pure-and-applied-physics-versus

Figure 2: (a) αh Versus d/∧ where ∧=12.5 μm; (b) αh Versus ∧ where d/∧=0.7

We initially investigated the relation between αh and for a fixed value of ∧=12.5 μm. Figure 2a plots the variation between αh and d/∧ value.

The simulation result shows that the value of αh on both FM and HOM gradually increase with increase of d/Δ value from 0.5 to 1. These increases are more than 50% because of that when ∧ is constant and increasing equation value. As a result the separation between fiber core and the defective layer of innermost air holes decrease. It is observed that the value of αh for HOM is always more than the FM due to the mode field area Aeff of HOM is nearly 21% larger than that of FM. Therefore HOM is more affected than the FM. Similarity the Figure 2b plots the of αh versus ∧ at a constant value of d/ ∧=0.7. It is seen that the value of h for both FM and HOM decrease while the value of ∧ increase from 12 to 17 μm and also observed both are decreased approx. by 50% due to the power confinement in the core is more stronger when d/∧ is constant and ∧ increase [15]. Apart from these it concluded that by suitably choosing a smaller the value d/∧ and a larger is the value ∧, as a result αh value reduced. However the effect of optimizing the PCF structure is so limited because we have considered the other property like bend loss and mode field area. In order to reduce the value of αh to a negligible level, the inner surface of PCF air holes should be considered. For treatment of inner surface of air holes the parameter k and t must depend on it and hence we next investigated the loss dependence on these parameters. The Figure 3a and 3b show that the variation between αh versus k and αh versus t respectively.

pure-and-applied-physics-thickness

Figure 3: (a) αh Versus k.(t=1 μm); (b) αh Versus thickness t (where ∧=12.5 μm & d/∧=0.7).

The simulation result predicts that the value of αh almost linearly increase with increase the value of k for HOM. However in case of FM αh value slightly increase with increase of k value. As αh is a strong function of thickness ‘t’ of defective layer. So the variation of αh versus t graph signify that αh suddenly decrease for HOM and slightly decrease in case of FM as thickness increase from 0.5 to 2 μm. This result shows that by reducing the roughness of surface, contamination is a very simple and precise to reduce the value of αh. In fact the treatment of inner surface imperfection of air hole PCF is most useful and has an impact on αh.

The method of polishing is so effective that which influence the defective layer. It reduces the thickness of defective layer. For PCF having large number of air holes, this method is time consuming and very difficult to carry out completely. Furthermore we investigated the polished layer on αh value, while considering a proposed design PCF structure having 5 air hole ring with a suitable parameter ∧=12.5 μm, d/∧=0.7, k=3 x 10-9 respectively. Out of 5 air hole ring layer, the innermost air hole layer is in yellow next 2nd air hole ring is in green and the third layer is blue i.e shown in below Figure 4 where polishing is allowed to first layer only, the first and 2nd layer and three layers only.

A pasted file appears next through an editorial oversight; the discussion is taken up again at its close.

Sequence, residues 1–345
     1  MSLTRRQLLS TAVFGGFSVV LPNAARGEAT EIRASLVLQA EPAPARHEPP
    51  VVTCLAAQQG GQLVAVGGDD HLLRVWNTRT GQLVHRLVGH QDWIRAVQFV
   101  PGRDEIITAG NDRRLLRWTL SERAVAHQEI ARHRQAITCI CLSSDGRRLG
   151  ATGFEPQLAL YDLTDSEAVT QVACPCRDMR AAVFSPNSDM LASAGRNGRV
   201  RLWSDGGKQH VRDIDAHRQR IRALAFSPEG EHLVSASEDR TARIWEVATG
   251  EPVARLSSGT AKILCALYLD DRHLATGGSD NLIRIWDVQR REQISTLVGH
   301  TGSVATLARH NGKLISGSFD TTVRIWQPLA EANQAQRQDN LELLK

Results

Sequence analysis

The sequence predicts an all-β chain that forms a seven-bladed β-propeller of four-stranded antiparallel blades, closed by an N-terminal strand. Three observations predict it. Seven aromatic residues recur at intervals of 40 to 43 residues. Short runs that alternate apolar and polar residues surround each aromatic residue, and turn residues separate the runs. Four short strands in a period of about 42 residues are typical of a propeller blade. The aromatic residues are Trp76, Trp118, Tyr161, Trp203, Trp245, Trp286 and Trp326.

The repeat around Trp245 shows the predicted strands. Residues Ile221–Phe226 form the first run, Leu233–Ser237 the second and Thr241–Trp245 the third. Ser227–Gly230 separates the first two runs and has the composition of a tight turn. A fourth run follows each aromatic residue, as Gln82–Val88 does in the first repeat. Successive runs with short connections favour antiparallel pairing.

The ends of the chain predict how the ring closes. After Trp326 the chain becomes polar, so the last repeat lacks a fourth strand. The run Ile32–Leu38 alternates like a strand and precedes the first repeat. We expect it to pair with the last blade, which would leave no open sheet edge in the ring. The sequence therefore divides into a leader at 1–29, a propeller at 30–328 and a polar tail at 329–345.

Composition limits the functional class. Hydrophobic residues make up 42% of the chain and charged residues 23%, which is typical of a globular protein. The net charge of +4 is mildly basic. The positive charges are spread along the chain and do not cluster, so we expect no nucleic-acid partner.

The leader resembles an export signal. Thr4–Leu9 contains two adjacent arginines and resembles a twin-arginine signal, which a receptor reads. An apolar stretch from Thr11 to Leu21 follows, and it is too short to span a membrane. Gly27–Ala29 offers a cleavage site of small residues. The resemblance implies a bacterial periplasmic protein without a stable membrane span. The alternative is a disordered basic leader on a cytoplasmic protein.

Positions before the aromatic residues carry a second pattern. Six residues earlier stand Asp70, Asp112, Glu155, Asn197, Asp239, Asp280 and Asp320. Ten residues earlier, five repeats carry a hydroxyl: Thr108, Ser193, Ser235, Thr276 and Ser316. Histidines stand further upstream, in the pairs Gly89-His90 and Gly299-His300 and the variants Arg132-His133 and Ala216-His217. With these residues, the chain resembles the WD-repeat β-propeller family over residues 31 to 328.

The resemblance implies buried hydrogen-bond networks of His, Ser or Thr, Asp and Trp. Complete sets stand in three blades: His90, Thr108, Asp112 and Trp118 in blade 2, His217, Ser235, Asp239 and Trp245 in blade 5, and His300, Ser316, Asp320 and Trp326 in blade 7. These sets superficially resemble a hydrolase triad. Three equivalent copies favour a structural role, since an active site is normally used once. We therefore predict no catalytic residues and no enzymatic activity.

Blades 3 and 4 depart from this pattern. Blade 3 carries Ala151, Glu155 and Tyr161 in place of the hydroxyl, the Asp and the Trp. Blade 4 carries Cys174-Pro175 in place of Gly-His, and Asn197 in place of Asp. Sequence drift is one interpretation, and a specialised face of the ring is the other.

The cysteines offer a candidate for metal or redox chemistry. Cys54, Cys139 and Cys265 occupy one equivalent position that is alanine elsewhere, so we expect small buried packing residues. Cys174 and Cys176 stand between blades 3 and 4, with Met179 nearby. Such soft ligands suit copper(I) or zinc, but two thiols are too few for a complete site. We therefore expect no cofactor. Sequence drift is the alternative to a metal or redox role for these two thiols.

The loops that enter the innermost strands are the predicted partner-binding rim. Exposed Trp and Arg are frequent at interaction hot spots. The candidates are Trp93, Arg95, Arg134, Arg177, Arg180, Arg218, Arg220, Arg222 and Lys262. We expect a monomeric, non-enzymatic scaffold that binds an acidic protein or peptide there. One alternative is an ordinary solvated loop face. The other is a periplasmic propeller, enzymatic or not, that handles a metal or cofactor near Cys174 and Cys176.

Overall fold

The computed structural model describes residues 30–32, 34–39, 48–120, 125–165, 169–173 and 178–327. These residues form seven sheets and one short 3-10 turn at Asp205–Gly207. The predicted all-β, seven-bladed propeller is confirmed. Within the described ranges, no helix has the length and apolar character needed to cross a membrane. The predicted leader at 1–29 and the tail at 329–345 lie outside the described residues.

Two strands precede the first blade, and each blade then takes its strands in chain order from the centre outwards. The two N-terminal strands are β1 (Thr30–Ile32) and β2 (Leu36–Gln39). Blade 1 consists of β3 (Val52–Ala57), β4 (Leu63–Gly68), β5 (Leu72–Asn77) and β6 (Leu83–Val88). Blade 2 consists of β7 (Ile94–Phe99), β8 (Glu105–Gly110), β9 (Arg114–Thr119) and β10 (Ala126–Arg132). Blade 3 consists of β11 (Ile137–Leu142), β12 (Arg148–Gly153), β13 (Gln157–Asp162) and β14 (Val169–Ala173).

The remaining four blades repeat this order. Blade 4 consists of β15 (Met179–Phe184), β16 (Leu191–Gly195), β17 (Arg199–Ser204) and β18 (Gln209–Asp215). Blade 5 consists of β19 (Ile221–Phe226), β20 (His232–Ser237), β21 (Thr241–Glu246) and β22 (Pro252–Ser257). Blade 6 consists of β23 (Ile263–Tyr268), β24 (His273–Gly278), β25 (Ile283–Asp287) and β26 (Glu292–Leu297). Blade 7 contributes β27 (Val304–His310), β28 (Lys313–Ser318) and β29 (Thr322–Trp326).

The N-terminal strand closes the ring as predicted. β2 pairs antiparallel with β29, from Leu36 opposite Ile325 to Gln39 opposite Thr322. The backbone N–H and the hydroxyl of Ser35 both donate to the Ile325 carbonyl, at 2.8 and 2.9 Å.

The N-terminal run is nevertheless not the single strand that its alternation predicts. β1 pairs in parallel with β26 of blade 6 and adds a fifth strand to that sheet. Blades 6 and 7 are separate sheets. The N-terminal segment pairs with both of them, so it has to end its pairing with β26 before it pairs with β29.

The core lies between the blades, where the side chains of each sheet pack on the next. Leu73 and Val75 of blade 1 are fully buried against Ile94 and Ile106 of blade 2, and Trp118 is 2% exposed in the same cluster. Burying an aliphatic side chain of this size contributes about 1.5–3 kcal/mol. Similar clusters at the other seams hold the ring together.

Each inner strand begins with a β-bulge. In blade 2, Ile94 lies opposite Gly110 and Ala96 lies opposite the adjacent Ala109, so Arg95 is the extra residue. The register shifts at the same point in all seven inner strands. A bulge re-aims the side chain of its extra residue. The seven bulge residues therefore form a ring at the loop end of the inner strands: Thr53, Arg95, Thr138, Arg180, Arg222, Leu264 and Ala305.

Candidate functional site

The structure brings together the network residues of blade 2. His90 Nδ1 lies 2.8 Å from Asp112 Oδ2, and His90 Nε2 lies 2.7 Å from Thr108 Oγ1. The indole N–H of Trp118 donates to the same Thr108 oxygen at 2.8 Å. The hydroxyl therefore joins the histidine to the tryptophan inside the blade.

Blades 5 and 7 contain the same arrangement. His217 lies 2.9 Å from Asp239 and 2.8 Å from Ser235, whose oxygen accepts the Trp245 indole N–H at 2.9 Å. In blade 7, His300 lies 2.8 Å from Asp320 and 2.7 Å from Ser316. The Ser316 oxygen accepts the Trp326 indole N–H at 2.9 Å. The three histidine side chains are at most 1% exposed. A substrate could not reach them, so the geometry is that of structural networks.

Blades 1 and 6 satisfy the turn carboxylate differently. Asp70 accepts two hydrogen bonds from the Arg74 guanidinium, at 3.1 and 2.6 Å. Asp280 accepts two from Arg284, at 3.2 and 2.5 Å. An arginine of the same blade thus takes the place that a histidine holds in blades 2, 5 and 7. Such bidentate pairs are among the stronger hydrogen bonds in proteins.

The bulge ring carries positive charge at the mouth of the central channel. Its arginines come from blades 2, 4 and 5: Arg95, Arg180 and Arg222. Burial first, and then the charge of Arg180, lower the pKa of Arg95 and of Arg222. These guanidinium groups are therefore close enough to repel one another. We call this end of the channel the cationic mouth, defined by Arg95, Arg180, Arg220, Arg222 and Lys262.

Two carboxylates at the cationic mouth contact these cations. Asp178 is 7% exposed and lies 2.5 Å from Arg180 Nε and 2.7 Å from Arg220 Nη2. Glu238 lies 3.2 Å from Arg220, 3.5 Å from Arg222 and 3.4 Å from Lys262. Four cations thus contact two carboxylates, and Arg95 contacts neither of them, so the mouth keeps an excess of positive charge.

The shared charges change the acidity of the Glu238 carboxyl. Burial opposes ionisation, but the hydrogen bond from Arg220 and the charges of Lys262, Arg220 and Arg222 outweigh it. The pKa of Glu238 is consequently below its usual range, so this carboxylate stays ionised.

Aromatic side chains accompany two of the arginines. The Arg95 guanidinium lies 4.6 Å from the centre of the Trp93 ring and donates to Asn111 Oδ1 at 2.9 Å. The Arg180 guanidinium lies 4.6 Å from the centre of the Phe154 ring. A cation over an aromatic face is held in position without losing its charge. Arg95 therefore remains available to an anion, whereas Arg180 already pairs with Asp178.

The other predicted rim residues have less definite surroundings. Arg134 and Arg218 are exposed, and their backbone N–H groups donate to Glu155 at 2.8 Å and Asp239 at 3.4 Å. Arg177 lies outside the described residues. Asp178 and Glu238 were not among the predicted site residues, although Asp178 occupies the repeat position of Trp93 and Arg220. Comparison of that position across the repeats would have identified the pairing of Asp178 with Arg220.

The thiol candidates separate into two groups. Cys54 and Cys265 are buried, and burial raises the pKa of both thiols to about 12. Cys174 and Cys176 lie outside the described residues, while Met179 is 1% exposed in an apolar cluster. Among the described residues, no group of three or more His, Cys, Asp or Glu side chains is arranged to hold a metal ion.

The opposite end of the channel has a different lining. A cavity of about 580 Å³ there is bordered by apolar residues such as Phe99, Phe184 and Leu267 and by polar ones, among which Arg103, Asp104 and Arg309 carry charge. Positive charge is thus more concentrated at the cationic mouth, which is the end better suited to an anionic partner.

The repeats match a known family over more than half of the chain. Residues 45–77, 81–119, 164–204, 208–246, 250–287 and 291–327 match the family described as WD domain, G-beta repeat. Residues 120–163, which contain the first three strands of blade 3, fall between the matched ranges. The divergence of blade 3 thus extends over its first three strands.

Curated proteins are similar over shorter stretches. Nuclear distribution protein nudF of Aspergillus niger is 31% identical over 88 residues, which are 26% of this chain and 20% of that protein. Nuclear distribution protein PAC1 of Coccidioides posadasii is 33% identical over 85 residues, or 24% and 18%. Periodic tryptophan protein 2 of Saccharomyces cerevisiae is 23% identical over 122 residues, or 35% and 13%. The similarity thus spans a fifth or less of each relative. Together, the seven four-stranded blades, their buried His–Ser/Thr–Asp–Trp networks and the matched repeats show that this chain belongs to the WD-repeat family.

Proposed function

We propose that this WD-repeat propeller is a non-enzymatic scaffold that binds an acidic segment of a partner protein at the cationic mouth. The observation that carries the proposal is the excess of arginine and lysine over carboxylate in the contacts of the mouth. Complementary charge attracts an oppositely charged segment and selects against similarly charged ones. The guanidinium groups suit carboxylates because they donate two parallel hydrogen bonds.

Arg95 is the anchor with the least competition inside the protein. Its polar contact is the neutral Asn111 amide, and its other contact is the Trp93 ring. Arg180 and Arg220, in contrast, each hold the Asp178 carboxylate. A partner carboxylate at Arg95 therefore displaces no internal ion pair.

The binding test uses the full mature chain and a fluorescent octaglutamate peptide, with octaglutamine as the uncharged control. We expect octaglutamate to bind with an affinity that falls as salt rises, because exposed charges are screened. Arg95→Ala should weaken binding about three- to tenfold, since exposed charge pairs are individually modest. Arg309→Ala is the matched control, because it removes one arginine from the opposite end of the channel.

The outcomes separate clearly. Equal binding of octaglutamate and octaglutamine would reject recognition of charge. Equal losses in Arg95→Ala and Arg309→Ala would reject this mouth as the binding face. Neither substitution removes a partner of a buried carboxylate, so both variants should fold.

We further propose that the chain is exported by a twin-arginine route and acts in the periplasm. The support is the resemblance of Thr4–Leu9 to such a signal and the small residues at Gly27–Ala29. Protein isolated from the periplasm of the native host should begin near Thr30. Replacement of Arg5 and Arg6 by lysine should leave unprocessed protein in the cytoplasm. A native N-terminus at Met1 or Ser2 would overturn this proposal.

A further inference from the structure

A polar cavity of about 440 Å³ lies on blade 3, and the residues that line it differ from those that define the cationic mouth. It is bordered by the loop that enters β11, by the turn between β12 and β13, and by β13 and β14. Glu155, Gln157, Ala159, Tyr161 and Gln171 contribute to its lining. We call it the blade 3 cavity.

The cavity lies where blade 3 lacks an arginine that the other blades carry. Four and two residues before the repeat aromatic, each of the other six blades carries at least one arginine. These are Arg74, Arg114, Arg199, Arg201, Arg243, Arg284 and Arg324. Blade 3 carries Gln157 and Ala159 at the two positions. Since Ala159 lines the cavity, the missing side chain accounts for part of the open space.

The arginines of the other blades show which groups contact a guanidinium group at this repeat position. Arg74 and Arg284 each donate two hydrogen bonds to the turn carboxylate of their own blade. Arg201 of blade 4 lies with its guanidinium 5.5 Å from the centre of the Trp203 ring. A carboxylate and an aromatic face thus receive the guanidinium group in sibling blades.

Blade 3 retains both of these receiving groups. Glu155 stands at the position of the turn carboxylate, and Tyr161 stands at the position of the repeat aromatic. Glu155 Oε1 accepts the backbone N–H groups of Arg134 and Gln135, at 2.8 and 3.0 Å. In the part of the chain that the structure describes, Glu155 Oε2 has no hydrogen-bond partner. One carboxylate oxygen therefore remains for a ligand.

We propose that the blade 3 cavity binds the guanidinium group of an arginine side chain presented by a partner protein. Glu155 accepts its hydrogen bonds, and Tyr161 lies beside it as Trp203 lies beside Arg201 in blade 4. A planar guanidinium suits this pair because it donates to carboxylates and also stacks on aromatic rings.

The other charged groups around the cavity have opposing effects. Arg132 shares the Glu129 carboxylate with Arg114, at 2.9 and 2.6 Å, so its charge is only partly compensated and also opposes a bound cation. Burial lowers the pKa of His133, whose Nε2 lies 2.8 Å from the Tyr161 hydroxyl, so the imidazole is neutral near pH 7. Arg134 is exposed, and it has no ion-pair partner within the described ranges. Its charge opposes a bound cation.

pure-and-applied-physics-polished

Figure 4: The name of polished layer PCF.

We considered that t=1 μm of unpolished layer and t=0 for polished layer. Further we investigated the variation of αh value and the layer number with polishing and unpolished treatment. It is observed that, the αh values of FM and HOM are absolutely reduced to less than 10-5 to 10-4 dB/km by completely eliminating the defective layer (t=0) of first layer. But we have not shown the above result graphically. Similarly elimination of 2nd and 3rd defective layer which further reduce the of αh value. Apart from these, the method of polishing will immensely increase the risk of damage to the preform. As a result the transmission loss of proposed PCF reduced by eliminating the defective layer of the innermost layer.

Experiment Results

We further optimized two PCF structure A & B of same background material having 5 air hole ring contained in it. The above preform elongated into 26 cm in diameter rod and classified into two pieces. The PCF A is drawn from the first piece without any treatment while 2nd piece was treated the inner surface which having 6 air hole contained in it. The 2nd piece of preform was washed and etched lightly to clean the inner surface of the air holes. Similarly the PCF B was drawn from the 2nd piece of preform under same drawing condition as PCF A.

The above Figure 5 is the cross-sectional view of PCF A and B. We are considering the key parameter like d/∧ value is equal to 0.78 in both PCF structure and lattice spacing of PCF ∧=13.4 μm i.e little layer than the PCF B (11.7 μm). PCF B has a little deform of their air holes as compared to PCF A. It is due to the fact that inner surface treatment enlarged the innermost air hole of the second preform and during the PCF drawing, structural deform takes place. This deformation of air hole in PCF structure may cause the measurement of the value d/∧ and ∧ in PCF B. while we observed that transmission loss is not occur, when the structure becomes deform.